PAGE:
• The NMC recognises that nurses will feel anxious about the likelihood of concerns being raised about the decisions they make, and the actions they take in these very challenging circumstances. If a concern is raised about a registered nurse we will always consider the specific facts of the case, taking into account the factors relevant to the environment in which the nurse was working. We would also take account of any relevant information about resources, guidelines or protocols in place at the time, and how these factors
      influenced their professional judgement.
    • In this context, critical care nurses should feel confident about using their professional judgement when delegating duties to colleagues, and be able to provide a rationale for their decisions. We encourage nurses who carry out delegated care and duties to work in partnership with their more experienced nursing colleagues and the wider multidisciplinary team, to ensure that risk assessments and decision making is shared and informed by relevant professional guidance, and the values and principles set out locally.

The Chief Nursing Officers of England, Scotland, Northern Ireland and Wales pledge to support:

  • Staff in the development of skills and knowledge alongside their colleagues ensuring a focus on positive health and wellbeing.
  • A flexible, pragmatic, staged approach to additional capacity in line with national surge escalation plans.
  • An emphasis on team working rather than a ratio approach in staffing models.
  • Ensuring that critical care leadership in the multi-professional teams is clear and explicit to provide support to staff .
  • Staff to work outside of their normal practice area, including delivering critical
    care in non-critical care environments.
  • Nurses working in different ways and in different environments ensuring that
    they are appropriately supervised and that care is delegated to them (using a
    suitable framework) by critical care specialists.
  • The provision of training and consistency in work force which is a key component of any increase in capacity.
  • That prior to working in the new environment rapid blended learning, simulation and direct care education are provided.
  • The dependence on and support required for returning nurses, recognising that critical care and hospital wards have changed in recent years and that these nurses may have practised in a very different environment.

Royal Colleges and trade unions will:

Provide expertise with and on behalf of their memberships to inform the development and implementation of guidance.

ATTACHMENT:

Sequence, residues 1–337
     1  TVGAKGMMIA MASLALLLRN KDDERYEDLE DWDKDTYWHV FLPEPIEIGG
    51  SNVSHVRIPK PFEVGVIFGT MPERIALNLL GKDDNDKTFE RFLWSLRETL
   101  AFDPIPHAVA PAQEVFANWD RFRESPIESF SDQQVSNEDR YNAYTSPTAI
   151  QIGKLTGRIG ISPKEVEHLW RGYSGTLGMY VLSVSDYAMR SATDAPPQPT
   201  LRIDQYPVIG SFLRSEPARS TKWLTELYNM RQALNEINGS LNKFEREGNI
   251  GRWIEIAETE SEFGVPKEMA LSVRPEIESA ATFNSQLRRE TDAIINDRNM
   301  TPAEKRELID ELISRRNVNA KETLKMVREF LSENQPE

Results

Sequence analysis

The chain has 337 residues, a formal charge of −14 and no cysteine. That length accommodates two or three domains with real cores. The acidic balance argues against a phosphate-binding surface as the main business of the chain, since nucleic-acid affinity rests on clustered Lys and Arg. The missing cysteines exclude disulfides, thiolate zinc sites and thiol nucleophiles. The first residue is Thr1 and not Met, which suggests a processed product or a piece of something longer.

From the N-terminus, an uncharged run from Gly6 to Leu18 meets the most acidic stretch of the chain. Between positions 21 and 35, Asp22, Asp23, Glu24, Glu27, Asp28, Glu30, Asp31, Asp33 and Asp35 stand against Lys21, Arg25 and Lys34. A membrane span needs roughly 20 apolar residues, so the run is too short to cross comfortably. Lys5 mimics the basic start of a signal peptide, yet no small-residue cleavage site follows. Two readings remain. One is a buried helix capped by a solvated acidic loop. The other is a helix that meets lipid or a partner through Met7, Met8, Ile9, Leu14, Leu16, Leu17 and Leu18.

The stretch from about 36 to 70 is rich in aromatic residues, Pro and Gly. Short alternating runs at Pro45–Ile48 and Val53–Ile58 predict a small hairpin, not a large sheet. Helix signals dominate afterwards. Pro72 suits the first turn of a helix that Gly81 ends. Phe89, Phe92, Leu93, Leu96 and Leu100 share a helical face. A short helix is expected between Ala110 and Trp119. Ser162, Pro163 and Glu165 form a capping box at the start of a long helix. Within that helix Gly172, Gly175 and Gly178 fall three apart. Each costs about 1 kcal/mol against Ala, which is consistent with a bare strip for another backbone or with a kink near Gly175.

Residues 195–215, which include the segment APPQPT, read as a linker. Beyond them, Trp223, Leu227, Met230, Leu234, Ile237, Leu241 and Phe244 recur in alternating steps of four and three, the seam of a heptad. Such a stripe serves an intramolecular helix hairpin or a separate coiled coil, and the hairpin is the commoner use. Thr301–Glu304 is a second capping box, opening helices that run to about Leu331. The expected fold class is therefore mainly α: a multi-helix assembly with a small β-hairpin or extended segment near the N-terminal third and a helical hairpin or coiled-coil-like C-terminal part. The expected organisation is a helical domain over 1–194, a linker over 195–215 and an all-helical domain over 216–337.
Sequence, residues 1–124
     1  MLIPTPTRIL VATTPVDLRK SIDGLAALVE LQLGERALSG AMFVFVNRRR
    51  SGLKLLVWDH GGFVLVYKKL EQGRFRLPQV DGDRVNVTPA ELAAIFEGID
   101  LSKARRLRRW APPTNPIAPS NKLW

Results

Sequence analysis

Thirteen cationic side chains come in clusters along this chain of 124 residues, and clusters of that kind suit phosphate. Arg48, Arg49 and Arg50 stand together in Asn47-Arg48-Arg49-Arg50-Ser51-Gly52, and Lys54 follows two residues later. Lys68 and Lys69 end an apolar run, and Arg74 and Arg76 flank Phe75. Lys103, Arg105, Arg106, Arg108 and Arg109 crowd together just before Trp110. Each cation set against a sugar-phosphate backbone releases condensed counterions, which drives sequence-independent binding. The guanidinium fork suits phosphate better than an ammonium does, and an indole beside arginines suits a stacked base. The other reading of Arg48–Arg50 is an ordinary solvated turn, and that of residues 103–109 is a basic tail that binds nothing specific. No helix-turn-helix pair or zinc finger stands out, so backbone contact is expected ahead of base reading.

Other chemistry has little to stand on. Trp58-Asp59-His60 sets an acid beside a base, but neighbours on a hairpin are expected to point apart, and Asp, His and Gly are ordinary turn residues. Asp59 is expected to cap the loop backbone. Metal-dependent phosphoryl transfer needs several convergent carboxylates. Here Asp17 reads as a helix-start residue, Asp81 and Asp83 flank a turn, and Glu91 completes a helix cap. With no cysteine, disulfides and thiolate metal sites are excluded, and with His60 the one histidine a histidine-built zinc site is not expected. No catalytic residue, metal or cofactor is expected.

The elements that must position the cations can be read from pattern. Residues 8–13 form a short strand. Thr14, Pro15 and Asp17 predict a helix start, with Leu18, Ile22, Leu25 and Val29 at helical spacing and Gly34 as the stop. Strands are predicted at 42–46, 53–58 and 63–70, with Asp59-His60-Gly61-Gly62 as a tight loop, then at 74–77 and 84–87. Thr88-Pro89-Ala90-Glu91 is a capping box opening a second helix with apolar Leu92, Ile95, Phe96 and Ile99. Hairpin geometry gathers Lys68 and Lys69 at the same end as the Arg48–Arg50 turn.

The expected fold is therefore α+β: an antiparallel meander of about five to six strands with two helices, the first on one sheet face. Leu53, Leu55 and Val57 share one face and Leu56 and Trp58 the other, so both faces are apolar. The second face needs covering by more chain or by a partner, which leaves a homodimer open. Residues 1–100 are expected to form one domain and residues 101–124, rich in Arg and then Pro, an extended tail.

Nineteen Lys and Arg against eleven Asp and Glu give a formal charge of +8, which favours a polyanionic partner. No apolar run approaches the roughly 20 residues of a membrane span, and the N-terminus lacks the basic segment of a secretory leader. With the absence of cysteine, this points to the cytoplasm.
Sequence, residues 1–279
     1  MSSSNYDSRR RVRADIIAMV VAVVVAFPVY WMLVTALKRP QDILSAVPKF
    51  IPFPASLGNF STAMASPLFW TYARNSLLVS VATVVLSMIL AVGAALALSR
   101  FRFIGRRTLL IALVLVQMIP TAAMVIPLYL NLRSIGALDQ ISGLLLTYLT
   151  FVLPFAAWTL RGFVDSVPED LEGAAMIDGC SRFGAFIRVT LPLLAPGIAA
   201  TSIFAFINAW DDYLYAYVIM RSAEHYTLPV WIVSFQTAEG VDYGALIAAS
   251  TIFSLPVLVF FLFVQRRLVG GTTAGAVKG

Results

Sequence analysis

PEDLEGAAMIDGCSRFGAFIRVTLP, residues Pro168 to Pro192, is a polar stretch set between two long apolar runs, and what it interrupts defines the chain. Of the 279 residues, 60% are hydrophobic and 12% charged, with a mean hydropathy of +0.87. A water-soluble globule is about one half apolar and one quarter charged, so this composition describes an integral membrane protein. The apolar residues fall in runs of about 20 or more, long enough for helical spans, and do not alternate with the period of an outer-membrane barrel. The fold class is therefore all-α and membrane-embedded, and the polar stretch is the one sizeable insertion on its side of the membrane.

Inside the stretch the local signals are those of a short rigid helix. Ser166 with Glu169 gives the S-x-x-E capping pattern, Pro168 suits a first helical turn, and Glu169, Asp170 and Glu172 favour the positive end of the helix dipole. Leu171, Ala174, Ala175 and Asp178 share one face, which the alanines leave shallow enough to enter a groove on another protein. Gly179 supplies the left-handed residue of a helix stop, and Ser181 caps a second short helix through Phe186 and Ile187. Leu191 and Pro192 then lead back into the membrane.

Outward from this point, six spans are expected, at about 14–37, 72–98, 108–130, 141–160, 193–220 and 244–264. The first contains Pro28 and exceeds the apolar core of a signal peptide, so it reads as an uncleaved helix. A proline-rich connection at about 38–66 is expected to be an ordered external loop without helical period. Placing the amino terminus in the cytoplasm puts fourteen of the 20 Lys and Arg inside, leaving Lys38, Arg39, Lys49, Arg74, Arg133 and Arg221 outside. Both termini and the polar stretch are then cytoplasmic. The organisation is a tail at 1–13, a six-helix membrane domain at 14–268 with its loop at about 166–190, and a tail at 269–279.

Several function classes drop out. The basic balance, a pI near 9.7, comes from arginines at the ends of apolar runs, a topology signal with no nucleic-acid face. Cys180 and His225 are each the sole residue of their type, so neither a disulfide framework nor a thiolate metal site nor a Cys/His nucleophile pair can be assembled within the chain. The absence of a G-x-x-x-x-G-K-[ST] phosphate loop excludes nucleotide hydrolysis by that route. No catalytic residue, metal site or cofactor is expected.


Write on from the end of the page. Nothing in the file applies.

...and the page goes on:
• Ensuring professional support is paramount within the context of this emergency.
  • Ensure redeployment guidance will be offered for nurses supporting the delivery of critical care.
  • Support their members in health care support roles (HCSW) in critical care settings who are working in clinical practice during the emergency where appropriate.
  • Health trade unions should continue to be consulted regularly at a local and national level on contingency and emergency planning, and on proposals for service reconfiguration and the temporary staff redeployment.

In conclusion

We would like to take this opportunity to reiterate our thanks and ongoing gratitude to all of you for your continuing dedication and commitment during this time, which is difficult and worrying for us all. We recognise this is an emergency situation and staff will be working under real pressure scenarios. Our goal is a return to previous operating arrangements as soon as practicable.

In a rapidly changing situation, we do not yet have all the answers but please be assured that as leaders of the nursing and midwifery community, we are committed to continuing our work together and sharing further updates with you as soon as we are able to. If you have any concerns relating to your practice in this area, we would ask you to raise them through your line manager structures in the normal way.

Ruth May | Chief Nursing Officer, England Charlotte McArdle, Chief Nursing Officer,
Northern Ireland

Jean White | Chief Nursing Officer, Wales Fiona McQueen, Chief Nursing Officer, Scotland

Andrea Sutcliffe | Chief Executive and Registrar, NMC

Dame Donna Kinnair | CEO, RCN

Sara Gorton | UNISON Colenzo Jarrett Thorpe, National officer (Health), Unite the union

Julie Platten | CC3N

Nicki Credland | British Association of Critical Care Nurses

Suman Shrestha | UK Critical Care Nursing Alliance

Andrea Baldwin | Intensive Care Society, Nurse Professional Advisory Group

Graham Brant | Co-Chair National Critical Care Network Directors’ Group